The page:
Uncontrollable hemorrhage and sepsis are the most common challenges in the management of traumatic pelvic wounds. The pelvis is a complex anatomical region that is neighbored by several organs and systems. Therefore, no standard treatment has been established for the management of pelvic wounds. Treatment is commonly based on a multidisciplinary approach including the disciplines of general surgery, orthopedics, and anesthesiology. However, because the combat arena is generally characterized by irregular warfare, riots, and uprisings, the healthcare facilities present in combat arenas are usually disrupted by poverty and battle. Moreover, the transportation of casualties to health centers is hindered by destroyed roads, difficult terrain conditions, and long distances. In addition, the extensive number of casualties often outweighs the capacity of healthcare facilities available in the combat arena. Due to these factors, combat casualties generally present to health centers with deep hemorrhagic shock (4, 5).

Damage control surgery remains the mainstay treatment for casualties presenting with acidosis, hypothermia, coagulopathy, and hemodynamic instability. The principle aims of DCS are to achieve primary repair of major arterial injuries, to perform arterial ligation, or to prevent hemorrhage by packing with compression bags. In addition, in the treatment of hollow organ wounds, a subsequent primary repair should be performed to prevent contamination. In these patients, the duration of surgery should not exceed one hour. Procedures such as ileostomy and colostomy should be avoided because they are highly time consuming. The patient should be directly transferred to the ICU, and the initial aim should be to correct acidosis and hypothermia. After hemodynamic stability is achieved, definitive surgery should be performed. The decision to perform DCS should be made depending on the initial evaluation of the patient or the findings obtained within the first 15 minutes of surgery (6, 7).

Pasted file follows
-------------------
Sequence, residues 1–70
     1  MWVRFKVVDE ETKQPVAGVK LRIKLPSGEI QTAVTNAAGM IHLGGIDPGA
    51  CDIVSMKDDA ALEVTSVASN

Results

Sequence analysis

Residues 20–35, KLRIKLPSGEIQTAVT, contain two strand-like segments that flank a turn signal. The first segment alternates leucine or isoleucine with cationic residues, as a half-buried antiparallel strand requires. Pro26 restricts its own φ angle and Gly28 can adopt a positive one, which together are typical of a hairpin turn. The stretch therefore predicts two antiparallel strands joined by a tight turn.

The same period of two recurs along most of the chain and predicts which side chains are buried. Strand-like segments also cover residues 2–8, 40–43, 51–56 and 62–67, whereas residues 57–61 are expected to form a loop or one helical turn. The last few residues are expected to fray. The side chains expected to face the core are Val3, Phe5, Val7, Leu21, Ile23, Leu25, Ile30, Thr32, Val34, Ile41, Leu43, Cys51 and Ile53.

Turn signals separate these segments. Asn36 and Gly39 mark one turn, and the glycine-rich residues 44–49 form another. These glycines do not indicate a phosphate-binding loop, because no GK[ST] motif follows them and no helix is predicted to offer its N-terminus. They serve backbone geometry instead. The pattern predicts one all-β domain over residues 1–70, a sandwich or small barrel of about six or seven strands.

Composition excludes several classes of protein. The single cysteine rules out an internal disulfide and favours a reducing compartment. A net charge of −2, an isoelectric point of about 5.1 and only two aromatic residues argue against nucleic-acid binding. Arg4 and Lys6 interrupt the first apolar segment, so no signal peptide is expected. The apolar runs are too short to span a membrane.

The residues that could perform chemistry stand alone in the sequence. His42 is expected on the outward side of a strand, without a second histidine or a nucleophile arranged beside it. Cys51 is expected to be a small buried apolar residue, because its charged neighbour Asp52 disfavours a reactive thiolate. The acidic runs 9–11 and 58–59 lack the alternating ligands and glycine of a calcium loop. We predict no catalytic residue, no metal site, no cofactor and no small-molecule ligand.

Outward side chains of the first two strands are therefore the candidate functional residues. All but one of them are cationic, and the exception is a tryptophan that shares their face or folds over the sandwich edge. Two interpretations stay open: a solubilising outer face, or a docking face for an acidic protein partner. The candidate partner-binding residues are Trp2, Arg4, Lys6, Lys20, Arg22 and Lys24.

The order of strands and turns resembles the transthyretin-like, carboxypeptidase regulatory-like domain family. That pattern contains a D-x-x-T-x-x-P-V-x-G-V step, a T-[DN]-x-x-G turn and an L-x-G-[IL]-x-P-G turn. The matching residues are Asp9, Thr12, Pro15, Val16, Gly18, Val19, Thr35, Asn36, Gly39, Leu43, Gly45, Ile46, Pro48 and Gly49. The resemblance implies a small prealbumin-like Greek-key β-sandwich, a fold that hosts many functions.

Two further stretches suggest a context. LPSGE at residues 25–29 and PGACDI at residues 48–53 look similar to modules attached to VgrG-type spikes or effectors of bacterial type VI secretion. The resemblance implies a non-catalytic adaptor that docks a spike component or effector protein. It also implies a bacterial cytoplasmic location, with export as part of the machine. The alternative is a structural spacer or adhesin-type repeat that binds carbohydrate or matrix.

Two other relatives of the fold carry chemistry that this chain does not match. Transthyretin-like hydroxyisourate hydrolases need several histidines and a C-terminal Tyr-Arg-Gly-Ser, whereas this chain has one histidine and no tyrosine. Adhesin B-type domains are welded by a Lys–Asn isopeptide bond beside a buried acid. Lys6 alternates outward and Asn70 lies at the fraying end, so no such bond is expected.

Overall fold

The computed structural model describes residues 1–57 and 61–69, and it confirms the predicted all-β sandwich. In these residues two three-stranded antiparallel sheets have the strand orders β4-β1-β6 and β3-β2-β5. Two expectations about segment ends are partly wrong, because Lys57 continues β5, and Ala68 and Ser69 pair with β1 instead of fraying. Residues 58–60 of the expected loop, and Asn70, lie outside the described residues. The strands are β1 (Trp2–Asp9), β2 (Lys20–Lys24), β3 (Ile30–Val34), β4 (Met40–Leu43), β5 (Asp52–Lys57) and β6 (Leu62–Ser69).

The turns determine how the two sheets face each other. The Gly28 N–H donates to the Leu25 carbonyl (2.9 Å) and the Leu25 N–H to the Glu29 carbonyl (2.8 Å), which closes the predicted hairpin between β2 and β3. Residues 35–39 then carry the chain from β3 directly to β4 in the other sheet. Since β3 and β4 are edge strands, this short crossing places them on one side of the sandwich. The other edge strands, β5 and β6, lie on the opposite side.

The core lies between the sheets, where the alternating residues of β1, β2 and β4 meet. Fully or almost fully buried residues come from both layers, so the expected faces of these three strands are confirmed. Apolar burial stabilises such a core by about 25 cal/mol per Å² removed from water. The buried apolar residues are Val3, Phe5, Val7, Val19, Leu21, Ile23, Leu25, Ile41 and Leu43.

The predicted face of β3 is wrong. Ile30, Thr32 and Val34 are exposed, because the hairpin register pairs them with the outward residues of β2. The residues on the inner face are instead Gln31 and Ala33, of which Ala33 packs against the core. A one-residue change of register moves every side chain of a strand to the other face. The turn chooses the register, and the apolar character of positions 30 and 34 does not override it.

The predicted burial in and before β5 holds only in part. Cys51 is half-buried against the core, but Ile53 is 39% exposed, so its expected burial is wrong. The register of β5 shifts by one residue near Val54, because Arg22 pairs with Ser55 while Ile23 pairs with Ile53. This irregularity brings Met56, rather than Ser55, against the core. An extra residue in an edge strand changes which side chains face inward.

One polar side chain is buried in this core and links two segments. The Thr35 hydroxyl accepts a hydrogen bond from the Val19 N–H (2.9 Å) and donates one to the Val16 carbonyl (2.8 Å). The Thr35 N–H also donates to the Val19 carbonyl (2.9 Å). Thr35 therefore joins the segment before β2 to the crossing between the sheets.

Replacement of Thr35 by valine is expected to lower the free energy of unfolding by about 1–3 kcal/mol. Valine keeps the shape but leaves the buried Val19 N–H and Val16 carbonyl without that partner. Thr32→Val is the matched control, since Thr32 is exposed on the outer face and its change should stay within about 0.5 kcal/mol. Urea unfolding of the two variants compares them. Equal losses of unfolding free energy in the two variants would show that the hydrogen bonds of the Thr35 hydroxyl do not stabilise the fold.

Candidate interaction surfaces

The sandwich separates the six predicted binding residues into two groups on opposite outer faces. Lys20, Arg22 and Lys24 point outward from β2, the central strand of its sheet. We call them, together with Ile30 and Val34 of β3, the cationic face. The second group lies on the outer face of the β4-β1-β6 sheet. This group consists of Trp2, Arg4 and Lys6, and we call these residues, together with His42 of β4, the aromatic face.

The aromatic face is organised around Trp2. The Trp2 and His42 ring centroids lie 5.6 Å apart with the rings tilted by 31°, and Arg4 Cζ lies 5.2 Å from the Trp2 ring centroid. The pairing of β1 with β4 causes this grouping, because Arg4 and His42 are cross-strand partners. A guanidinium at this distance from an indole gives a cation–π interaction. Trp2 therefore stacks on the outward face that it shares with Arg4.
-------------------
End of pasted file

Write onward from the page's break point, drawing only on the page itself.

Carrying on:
Our patient had a perineal wound caused by a mine blast that occurred during a civil war in a neighboring country. The patient had undergone surgery at a location close to the combat arena before transportation. In such cases, amajor problem is that no medical document ation regarding the condition of the patient is transported with the patient or that the document is lost during transportation.The medical condition of our patient indicated that the hemorrhage may have been controlled by placing compresses on the perineum. Moreover, it is likely that the surgeons decided to perform DCS because no colostomy had been performed during laparotomy and both ends of the sigmoid colon had been closed. Ultimately, the surgeons probably decided to transfer the patient to our hospital due to the absence of appropriate facilities for postoperative resuscitation. Upon initial examination at our hospital, the patient presented with acidosis, hypothermia, and hemodynamic instability. The definitive surgery was performed after achieving resuscitation.